At one point, Ben is welcomed into the community of misfits ruled by the super villain known as The Mole. Ben's appearance inspires fear in everyone, and as a result his relationship with his fiancée ends. Ben meets a young blind woman named Alicia Masters, and the two fall in love. Their relationship slowly evolves into a deep friendship. Ben's favorite phrase is "It's clobberin' time!" He is quick tempered, loyal and extremely sensitive about how he comes across to other people.


Victor von Doom/Doctor Doom

Photo courtesy Marvel Comics.

The son of Latverian gypsies, Victor's childhood is very difficult. His mother dies while Victor is still young, and as a result the boy dedicates every effort to finding a way to bring her back. He begins to study the occult and magic, in the process revealing his genius intellect. When he receives the opportunity to study in America, he eagerly accepts and concentrates on science.

While in college, Victor meets Reed Richards, a man whom Victor considers an intellectual rival. Victor begins to build a machine that he hopes will breach the barrier between this world and the afterlife. Reed cautions Victor that the calculations for the machine are incorrect, but Victor dismisses the warning. The machine malfunctions and scars Victor.


Victor returns to Latveria and seizes control of the country from its despotic king. Then he creates a suit of armor and begins to wear a metal mask to hide his scarred features. Victor renames himself Doctor Doom and reshapes Latveria into a utopia. He eliminates crime, disease and hunger, but at the cost of personal freedoms. Doctor Doom holds a grudge against Reed Richards, and challenges him many times over the years. Doom uses magic and science to try and defeat the Fantastic Four, but Reed always seems to find a way to outsmart him. Doom's suit gives him super strength and resistance to damage. He can even survive underwater or in the vacuum of space - his suit can seal itself and has a four-hour supply of air.


Final Results

Image courtesy Marvel Comics. All rights reserved.

Many comic book fans cite the 1994 film as one of the worst comic book movies ever made, but we feel that isn't a fair judgment. Admittedly, the low budget placed severe limitations on the cast and crew, and at times the special effects can make you wince, laugh or both wince and laugh at the same time. Still, the film's script reflected the spirit of the comics, and the performances are enthusiastic (if not nuanced) across the cast. The Jeweler even quotes Shakespeare's "The Tempest," adding a touch of class to the movie.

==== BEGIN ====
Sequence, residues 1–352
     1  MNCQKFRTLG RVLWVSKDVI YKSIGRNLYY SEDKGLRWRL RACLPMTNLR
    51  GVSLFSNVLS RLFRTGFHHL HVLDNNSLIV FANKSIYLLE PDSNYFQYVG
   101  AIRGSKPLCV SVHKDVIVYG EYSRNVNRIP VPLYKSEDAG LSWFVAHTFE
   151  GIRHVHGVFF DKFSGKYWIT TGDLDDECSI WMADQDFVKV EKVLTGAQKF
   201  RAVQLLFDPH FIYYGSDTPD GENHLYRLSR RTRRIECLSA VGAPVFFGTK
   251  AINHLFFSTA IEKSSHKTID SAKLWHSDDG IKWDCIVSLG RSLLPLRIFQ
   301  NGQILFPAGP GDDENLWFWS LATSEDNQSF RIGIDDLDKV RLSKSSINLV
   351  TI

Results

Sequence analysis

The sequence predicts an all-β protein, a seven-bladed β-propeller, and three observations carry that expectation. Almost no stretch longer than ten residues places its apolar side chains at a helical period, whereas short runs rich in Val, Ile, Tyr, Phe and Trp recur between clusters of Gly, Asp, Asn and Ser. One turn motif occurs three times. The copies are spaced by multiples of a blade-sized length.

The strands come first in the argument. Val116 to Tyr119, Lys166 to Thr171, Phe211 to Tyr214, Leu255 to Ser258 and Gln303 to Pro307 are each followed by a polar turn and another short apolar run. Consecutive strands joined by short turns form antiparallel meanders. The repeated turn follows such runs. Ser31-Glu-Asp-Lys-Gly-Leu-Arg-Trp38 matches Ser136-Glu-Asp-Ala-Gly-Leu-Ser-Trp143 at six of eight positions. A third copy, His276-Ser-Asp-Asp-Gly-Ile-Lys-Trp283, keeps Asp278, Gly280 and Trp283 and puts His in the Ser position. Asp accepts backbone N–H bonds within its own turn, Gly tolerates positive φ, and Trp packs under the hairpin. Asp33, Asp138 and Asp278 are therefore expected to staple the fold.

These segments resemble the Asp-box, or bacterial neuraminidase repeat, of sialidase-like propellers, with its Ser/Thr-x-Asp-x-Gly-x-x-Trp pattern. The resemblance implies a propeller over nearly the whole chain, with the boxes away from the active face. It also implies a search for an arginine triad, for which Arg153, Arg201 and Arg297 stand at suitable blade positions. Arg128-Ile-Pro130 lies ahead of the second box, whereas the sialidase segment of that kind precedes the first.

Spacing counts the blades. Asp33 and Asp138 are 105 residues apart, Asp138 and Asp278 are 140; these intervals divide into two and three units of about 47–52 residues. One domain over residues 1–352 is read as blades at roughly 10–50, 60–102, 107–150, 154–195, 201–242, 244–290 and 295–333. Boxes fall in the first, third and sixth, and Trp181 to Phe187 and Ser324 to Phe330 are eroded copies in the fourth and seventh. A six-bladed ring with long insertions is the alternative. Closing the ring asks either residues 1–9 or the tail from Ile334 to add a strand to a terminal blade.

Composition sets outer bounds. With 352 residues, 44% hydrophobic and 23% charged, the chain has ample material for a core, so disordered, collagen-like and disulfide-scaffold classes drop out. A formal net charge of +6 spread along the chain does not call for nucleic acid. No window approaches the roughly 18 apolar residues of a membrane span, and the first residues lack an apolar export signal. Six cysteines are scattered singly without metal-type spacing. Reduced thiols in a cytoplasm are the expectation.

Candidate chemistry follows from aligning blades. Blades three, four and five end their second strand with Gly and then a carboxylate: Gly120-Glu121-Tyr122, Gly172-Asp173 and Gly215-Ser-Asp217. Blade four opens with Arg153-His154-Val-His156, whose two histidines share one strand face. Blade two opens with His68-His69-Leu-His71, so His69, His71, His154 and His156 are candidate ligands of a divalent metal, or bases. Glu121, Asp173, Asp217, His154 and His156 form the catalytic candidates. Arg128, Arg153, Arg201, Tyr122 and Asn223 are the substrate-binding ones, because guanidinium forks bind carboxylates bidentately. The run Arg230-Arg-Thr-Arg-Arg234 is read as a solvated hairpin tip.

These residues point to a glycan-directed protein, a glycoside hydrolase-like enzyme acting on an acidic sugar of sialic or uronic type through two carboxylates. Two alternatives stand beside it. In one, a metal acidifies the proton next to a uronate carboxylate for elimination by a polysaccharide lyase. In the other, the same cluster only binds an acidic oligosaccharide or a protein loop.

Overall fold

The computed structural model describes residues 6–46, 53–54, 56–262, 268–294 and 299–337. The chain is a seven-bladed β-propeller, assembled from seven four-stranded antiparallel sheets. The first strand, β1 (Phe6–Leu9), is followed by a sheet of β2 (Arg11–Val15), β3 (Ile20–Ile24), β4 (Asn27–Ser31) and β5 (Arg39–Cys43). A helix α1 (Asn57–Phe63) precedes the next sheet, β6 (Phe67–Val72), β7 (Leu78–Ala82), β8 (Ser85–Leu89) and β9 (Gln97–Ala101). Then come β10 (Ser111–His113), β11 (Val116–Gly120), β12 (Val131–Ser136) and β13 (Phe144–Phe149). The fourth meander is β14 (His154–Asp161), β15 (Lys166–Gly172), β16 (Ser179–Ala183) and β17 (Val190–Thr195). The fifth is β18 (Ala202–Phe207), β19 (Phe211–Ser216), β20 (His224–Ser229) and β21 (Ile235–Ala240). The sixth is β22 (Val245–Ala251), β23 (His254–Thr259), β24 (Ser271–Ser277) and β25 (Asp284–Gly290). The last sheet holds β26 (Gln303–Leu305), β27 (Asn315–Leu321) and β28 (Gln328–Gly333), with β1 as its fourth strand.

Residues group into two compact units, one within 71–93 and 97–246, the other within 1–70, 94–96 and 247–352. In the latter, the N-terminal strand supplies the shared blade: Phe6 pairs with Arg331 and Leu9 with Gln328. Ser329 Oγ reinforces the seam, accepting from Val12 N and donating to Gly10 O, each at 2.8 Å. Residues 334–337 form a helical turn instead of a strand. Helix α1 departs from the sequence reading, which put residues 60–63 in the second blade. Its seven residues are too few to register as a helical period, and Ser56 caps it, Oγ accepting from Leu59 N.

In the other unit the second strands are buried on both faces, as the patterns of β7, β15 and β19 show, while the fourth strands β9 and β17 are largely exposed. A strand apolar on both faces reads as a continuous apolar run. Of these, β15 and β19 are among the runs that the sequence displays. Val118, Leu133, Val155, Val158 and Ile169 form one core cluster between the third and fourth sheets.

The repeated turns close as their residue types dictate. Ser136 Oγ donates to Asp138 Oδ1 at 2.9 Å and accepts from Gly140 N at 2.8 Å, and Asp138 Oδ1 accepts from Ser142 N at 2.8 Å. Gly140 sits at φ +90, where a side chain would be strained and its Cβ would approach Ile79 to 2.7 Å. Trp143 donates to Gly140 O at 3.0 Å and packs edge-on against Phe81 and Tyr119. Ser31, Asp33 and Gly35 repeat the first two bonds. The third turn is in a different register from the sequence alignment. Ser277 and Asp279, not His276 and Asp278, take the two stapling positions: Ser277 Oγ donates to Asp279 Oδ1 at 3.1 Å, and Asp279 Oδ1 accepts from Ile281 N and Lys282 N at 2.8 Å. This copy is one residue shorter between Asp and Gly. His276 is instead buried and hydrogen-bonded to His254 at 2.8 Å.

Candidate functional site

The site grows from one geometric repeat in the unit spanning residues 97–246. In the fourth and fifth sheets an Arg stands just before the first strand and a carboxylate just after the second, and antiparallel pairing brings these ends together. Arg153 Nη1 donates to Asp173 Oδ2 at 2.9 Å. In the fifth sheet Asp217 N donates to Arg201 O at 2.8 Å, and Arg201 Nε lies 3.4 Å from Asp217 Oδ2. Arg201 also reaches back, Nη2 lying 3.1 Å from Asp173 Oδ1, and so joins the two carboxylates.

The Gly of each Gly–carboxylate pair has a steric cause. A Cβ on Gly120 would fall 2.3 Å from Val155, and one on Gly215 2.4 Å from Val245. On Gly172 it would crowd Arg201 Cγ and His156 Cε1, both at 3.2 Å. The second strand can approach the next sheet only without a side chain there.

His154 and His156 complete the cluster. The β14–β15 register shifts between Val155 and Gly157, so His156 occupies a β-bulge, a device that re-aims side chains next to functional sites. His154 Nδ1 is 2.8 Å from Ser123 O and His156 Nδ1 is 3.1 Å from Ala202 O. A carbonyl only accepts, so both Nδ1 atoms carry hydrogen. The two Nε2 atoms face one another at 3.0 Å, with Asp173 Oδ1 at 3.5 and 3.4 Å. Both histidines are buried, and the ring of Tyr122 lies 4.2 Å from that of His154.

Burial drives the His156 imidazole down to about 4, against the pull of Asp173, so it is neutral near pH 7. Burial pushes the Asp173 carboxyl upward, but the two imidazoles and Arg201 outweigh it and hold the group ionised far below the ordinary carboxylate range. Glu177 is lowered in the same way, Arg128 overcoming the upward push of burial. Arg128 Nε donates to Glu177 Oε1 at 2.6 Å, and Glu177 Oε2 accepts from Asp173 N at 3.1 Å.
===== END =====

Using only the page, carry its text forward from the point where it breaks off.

It's important to note that the scope of the comic books has always been on a cosmic level. The Fantastic Four have had adventures across time and space, encountering strange alien races and foiling the plans of galactic overlords. Neither film captures that scope, though perhaps the 1994 movie has more of an excuse. It's hard to make a movie on a large scale with such a low budget. Since both movies served as origin stories for the Fantastic Four, we're willing to ignore the relatively small scope of the stories.


As you can see from the preceding report cards, we used a rigorous judging process to determine which film was more faithful to the source material. Both movies were analyzed thoroughly using a tightly-controlled procedure, possibly involving beakers and test tubes. We have confidence in the results of the experiment.

After tallying up the scores on the report cards, the 1994 film takes the trophy. When it comes to production values, special effects and other technical details, the 2005 movie wins hands down. Then again, the 2005 movie had a budget more than 65 times the size of the 1994 film's budget. While the 1994 movie is primitive in comparison, it's charming and faithful to the source material. Sure, it's a corny film and at times it sounds like Doctor Doom is speaking with a sock stuffed in his mouth, but there's no denying that the movie was made with a sense of fun and passion for the comics. Perhaps one day the movie will get an actual release. Until then, fans will have to continue seeking clandestine means of watching the original movie about the Fantastic Four.

For more information on the Fantastic Four, check out the links on the next page.


Lots More Information

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More Great Links

  • "Fantastic Four.". Dir. Tim Story. Film. 20th Century Fox, 2005.
  • Ito, Robert. “Fantastic Faux!” Los Angeles Magazine. March, 2005.
  • Marvel Comics
  • "The Fantastic Four." Dir. Oley Sassone. Film. Constantin Film, 1994.